Distribution without representation? Beyond the rights of nature in the southern Ecuadorian highlands
  • 1 School of Social and Political Sciences, University of Melbourne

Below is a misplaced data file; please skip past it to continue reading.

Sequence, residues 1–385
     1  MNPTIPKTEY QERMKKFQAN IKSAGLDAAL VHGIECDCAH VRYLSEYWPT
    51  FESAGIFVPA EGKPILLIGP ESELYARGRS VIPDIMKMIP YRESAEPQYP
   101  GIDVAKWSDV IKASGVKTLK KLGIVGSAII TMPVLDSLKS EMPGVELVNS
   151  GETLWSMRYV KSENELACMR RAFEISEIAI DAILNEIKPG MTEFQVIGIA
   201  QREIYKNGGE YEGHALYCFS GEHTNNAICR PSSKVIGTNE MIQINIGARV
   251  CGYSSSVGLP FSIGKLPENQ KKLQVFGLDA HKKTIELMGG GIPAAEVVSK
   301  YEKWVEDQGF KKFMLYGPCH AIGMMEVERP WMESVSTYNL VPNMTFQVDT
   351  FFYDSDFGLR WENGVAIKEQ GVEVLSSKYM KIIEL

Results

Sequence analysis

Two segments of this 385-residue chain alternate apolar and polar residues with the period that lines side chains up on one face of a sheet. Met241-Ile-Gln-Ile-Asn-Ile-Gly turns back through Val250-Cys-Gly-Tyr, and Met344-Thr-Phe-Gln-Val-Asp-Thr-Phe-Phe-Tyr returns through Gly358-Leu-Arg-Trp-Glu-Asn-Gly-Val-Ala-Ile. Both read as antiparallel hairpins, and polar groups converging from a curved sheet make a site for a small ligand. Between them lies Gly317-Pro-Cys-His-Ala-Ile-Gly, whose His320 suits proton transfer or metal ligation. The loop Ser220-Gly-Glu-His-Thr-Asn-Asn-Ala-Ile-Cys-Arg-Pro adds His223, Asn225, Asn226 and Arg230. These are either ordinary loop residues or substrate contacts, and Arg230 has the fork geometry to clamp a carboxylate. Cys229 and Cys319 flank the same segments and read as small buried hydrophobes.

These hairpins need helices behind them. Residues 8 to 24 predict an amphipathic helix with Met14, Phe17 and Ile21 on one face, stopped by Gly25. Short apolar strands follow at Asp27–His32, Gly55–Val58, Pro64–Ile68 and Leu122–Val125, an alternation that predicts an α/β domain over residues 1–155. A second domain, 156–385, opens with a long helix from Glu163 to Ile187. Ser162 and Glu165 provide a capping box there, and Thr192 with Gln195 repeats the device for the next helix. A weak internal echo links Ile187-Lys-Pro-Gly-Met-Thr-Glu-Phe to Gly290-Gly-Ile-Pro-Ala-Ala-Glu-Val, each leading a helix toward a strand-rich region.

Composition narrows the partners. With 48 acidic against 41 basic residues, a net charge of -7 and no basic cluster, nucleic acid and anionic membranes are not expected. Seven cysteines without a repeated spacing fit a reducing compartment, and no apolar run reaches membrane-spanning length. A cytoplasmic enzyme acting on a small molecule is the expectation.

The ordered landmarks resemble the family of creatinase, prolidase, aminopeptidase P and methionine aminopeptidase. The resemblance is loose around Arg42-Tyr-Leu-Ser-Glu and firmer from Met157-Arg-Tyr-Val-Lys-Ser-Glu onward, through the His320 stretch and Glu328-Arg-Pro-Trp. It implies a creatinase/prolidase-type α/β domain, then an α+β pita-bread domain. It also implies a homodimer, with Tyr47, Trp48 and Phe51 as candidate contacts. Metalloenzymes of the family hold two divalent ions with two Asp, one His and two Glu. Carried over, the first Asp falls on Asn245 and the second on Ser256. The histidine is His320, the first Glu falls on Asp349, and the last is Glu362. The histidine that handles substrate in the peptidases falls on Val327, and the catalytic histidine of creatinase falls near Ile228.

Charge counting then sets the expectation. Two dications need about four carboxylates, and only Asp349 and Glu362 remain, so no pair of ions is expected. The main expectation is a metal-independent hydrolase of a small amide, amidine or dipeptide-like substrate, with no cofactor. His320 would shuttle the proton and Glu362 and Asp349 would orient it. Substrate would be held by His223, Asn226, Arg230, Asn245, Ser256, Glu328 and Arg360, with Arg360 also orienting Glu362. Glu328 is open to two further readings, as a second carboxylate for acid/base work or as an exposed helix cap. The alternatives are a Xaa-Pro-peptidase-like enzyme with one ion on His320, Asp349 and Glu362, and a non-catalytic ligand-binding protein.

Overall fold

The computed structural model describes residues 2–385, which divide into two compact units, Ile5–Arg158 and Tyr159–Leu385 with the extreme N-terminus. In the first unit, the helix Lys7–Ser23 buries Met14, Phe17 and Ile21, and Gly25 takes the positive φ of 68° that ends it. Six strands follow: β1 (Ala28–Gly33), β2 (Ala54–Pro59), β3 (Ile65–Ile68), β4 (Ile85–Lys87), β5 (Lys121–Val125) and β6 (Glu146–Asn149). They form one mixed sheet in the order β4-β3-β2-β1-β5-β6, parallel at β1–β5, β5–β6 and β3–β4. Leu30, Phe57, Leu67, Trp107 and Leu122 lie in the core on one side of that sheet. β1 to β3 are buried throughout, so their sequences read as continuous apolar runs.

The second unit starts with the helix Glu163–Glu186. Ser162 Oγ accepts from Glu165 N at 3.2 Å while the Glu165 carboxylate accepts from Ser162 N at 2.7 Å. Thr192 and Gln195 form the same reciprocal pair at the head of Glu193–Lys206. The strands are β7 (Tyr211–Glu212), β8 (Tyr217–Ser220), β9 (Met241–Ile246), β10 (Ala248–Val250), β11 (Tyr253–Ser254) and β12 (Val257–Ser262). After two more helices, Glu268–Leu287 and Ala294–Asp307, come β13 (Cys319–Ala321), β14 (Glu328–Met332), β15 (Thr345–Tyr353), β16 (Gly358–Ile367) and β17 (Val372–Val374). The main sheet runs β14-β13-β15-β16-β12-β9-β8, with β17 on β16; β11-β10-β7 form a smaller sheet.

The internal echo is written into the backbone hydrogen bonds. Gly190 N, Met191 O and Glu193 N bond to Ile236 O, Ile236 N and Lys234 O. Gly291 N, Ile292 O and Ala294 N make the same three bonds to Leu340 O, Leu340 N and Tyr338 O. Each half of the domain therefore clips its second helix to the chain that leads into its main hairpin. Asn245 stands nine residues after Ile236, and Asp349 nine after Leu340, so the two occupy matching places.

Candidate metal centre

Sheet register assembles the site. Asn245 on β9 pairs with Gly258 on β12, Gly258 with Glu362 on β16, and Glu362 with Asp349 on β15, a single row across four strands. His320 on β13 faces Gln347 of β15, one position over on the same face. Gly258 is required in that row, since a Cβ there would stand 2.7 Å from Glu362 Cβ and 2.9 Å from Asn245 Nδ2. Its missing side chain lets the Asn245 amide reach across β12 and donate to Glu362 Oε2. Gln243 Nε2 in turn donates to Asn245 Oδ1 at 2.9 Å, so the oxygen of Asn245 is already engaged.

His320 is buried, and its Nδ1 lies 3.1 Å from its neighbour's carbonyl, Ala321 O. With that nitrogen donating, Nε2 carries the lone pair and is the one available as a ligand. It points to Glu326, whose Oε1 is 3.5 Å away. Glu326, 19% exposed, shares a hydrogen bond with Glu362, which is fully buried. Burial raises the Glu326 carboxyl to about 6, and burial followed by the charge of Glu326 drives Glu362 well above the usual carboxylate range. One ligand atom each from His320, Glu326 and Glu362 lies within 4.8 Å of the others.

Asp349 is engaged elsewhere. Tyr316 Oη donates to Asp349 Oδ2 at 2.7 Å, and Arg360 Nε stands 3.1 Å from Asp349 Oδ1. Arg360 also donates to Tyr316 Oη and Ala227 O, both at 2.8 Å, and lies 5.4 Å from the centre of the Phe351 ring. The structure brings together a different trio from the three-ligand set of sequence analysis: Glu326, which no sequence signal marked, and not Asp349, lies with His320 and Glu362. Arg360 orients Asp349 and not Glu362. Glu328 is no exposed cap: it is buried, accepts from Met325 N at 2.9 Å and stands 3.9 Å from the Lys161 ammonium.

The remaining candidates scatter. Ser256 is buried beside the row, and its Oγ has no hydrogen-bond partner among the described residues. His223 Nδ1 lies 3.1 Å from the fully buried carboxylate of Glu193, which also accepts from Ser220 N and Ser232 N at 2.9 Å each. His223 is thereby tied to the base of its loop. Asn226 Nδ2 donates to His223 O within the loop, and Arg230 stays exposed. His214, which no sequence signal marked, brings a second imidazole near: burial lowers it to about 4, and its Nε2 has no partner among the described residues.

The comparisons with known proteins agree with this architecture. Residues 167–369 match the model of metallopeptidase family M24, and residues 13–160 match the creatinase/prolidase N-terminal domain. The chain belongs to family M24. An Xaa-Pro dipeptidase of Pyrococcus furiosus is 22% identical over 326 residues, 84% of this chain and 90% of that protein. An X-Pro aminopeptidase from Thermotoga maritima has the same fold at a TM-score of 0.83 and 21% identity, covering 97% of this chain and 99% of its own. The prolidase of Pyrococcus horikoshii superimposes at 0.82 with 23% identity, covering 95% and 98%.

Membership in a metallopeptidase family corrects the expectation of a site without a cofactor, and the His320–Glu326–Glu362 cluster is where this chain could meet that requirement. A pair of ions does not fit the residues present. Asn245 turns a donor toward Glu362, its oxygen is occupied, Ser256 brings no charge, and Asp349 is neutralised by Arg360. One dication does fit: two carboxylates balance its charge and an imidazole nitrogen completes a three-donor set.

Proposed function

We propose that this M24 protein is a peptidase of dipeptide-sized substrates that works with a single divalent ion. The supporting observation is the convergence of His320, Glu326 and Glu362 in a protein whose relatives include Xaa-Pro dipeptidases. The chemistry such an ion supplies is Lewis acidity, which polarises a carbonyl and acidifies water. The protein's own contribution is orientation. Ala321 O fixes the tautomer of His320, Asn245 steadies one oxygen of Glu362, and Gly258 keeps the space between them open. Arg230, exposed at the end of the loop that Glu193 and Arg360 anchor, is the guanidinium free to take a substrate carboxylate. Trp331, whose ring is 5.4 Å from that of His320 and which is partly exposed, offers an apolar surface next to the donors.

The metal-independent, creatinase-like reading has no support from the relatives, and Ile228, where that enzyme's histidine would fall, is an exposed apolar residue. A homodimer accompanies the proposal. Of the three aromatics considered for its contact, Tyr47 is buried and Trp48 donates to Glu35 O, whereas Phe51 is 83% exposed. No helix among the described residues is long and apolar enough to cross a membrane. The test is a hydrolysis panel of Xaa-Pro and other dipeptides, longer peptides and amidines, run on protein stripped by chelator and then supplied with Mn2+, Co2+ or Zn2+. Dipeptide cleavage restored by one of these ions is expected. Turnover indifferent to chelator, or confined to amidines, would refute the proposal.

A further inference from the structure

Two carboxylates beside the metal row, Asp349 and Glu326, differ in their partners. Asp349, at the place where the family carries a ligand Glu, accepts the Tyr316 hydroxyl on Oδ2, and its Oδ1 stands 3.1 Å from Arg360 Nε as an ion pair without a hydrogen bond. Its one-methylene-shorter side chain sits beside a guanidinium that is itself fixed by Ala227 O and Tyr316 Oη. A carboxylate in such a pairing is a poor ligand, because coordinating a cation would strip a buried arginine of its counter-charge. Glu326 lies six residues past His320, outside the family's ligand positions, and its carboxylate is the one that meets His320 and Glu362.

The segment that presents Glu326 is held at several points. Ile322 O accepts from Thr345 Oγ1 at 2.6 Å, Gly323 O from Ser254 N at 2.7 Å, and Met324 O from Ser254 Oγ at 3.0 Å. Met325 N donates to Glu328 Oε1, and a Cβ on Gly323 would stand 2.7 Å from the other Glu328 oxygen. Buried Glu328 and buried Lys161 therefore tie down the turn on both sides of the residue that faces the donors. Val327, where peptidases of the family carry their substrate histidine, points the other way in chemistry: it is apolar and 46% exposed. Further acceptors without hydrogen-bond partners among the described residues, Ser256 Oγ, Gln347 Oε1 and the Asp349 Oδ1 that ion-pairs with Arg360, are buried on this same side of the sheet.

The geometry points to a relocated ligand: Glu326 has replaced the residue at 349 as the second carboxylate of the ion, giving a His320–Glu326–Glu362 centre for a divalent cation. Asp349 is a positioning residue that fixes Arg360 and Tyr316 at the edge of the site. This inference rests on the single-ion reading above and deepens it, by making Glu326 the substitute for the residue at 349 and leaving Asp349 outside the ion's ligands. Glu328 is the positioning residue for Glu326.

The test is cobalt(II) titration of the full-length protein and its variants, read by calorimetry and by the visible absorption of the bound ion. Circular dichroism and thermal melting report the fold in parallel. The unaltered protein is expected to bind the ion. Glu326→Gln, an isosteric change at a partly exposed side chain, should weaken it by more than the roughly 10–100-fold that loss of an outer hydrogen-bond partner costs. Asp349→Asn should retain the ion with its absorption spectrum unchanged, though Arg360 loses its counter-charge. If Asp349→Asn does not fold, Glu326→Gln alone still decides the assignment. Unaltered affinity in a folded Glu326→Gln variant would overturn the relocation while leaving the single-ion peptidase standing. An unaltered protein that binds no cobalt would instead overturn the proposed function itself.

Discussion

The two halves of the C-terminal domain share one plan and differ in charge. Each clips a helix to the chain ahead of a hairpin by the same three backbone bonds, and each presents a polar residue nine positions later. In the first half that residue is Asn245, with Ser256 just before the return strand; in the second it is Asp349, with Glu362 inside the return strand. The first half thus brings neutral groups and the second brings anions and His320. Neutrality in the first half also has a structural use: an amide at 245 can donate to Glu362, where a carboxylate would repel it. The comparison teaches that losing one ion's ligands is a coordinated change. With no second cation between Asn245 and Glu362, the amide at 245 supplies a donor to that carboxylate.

Despite the fact that Ecuador has arguably the most biocentric constitution in the world, deepening national investment in extractive development projects has left communities on the frontlines of these projects desperate for greater participation in decision-making processes currently monopolized by centralized ministries. The result has been a flourishing over the past two years of sub-national judicial and non-judicial challenges to strategic mining projects. Integral to these challenges is the constitutional language of rights for nature (Articles 71–4). Drawing on ethnographic research around the Río Blanco gold and silver mine in the southern highland province of Azuay, this article explores the diverse and surprising ways in which these environmental rights are being taken up as part of fundamental challenges to the decision-making monopolies of the Ministries of the Environment and of Mining. While numerous scholars of human and indigenous rights have recently lamented the fact that ‘rights-talk’ often appears unable to arrest or destabilize extractive imperatives, the case of Río Blanco suggests that, when embraced as part of wider social struggles for representation, rights-based approaches might be more potent than is currently being recognized. They may even encourage an important reorientation of some of the binaries that continue to preoccupy critical scholars of development.

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